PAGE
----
In 1955, Ann Qualls gave birth to her daughter Patti in the front seat of a Buick. By pure coincidence, Ann claims, their daughter was named Patti Day Qualls, PDQ. This moniker has served Patti well, as she’s moved at least ten times, traveled to forty states, and changed occupations with a liberality unusual in native Texans. However, Patti thinks her latest profession will stick awhile.
The Still, Small Voice encouraged Patti to write after a brave Irish friend shared memories of betrayal and her decision to forgive. In 2008, An Irishwoman’s Tale was published by Kregel Publications. Patti’s second novel, What the Bayou Saw, draws on the memories of two young girls who refused to let segregation, a chain link fence, and a brutal rape come between them. My Name is Sheba, Patti’s third novel, will be published in 2011.
The secrets women keep and why they keep them continue to capture Patti’s imagination. She writes full time, teaches Bible studies and seminars, and attends book signings. Patti and her husband Alan, an Illinois State faculty member, live in Normal. They have two grown children and a dog named Laura.
What? No coffee? Oh, well. I’ve had enough already since I got up around three to work on edits.
Yeah, I’m WIRED! It’s such a blessing to be a guest at your blog today!
Patti, I watched the book trailer for What the Bayou Saw and I wondered how difficult it was for you to write about such gritty topics as racism and rape. First, tell us about the story premise and then tell us about your experience with writing the book.
Since leaving Louisiana, Sally Stevens has held her childhood secrets at bay, smothering them in a sunny disposition and sugar-coated lies. No one, not even her husband Sam, has heard the truth about what happened to her and her best friend, Ella Ward, when they were twelve years old.
Now a teacher in Normal, Illinois, Sally has nearly forgotten her past. Then Shamika, one of her students, is violently attacked, and memories of segregation, a chain-link fence, and a blood oath bubble to the surface like a dead body in a bayou. Lies continue to tumble from Sally’s lips as she scrambles to gloss over the harsh reality of a betrayal that refuses to stay buried.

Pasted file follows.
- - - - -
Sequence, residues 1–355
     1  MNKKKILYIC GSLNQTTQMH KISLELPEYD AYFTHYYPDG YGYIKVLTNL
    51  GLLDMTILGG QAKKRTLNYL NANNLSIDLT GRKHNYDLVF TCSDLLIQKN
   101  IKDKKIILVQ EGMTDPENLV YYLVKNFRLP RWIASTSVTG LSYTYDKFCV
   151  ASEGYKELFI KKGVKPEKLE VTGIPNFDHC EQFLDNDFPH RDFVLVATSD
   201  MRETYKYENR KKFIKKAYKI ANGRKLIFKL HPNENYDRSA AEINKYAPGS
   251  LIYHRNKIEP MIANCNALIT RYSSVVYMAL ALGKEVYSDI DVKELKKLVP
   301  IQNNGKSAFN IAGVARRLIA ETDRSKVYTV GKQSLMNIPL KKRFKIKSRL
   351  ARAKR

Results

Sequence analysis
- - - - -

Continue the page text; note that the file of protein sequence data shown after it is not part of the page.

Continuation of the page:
Cornered by the Holy Spirit and her own web of lies, Sally and Shamika embark on a quest to find Ella in post-Katrina New Orleans. With the help of friends, family, and God, Sally can glimpse a life free of the mire of deceit and truly begin to live with joy. Will she pay the price for a lifetime of deception? Can she save Shamika?
Sigh. Back to the question. Was the rape scene hard to write? Yes.
I talked to counselors at Rape Crisis centers and a YWCA staff member, then drew on memories from two unfortunate childhood incidents. Research revealed the sad truth that if victims do not turn to someone they trust within the first forty-eight hours following the incident, they likely will bury the hurt deep inside. Even decades later, the ugly secret can uncoil, like a snake, to strike.
I tried to approach the difficult scenes in a professional, detached way. Somehow it was easier to write when I literally positioned myself in the hand movements, the angles, and just wrote. Kinda like dissecting something to see the truth.
If you could go back in time and have a conversation with someone from the past, who would you like to talk to and why?
Probably my father, who passed before I began writing. Our bathroom cabinets—any cabinet, really—were converted into bookshelves for Dad’s Zane Gray and mystery novels. Dad bought our family a set of classics from either a catalogue or a door-to-door salesman when we probably couldn’t afford it. What a wonderful gesture—and investment!
As a reader and reviewer, do you prefer books that make you laugh or cry and who are your favorite authors of such books?
I prefer books that make me cry, though I’m having fun with a debut novel, The Prayers of Agnes Sparrow. Quirky and different. It’ll be interesting to see where Joyce Magnin takes it.
Favorite CBA authors? Francine Rivers, Lisa Samson, Angela Benson, Athol Dickson.
My favorite reads fall on literary fiction and popular trade shelves. However, I occasionally flit over to nonfiction bookstore areas. This year, What is the What, My Sister’s Keeper, The Help, The Lord of Death, Teach Like Your Hair’s On Fire, and Hotel at the Corner of Bitter and Sweet have captivated me. Yep, I devour books!!
When folks ask me how long I’ve been writing, sometimes I say, “Since age five, when I began to read.”
The story of my brave best friend, who was given away by her Irish mother, forms the core of The Irishwoman’s Tale. My heart was gripped by her first memory of being called a “little eejit” and then gussied up in clothes that she later learned were her “sending-off” wardrobe.
If you could add two extra hours in a day, how would you spend the time?
READING, of course!!
What’s in store for you next? What are you working on right now?
Yesterday I inked my John Doe on a contract for my third book, and then faxed it to the publisher. As soon as I receive the signed copies, I’ll share the details.
In the meantime, a brave woman named Kai has invited me to step back to the turbulent days of the Cultural Revolution in China. With God’s help, Kai is reclaiming Lily, a sister adopted by an American pastor and his wife.
God willing, I will visit China in May to conduct research on my fourth book!
Thanks ever so much for having me at your site today, Sharon!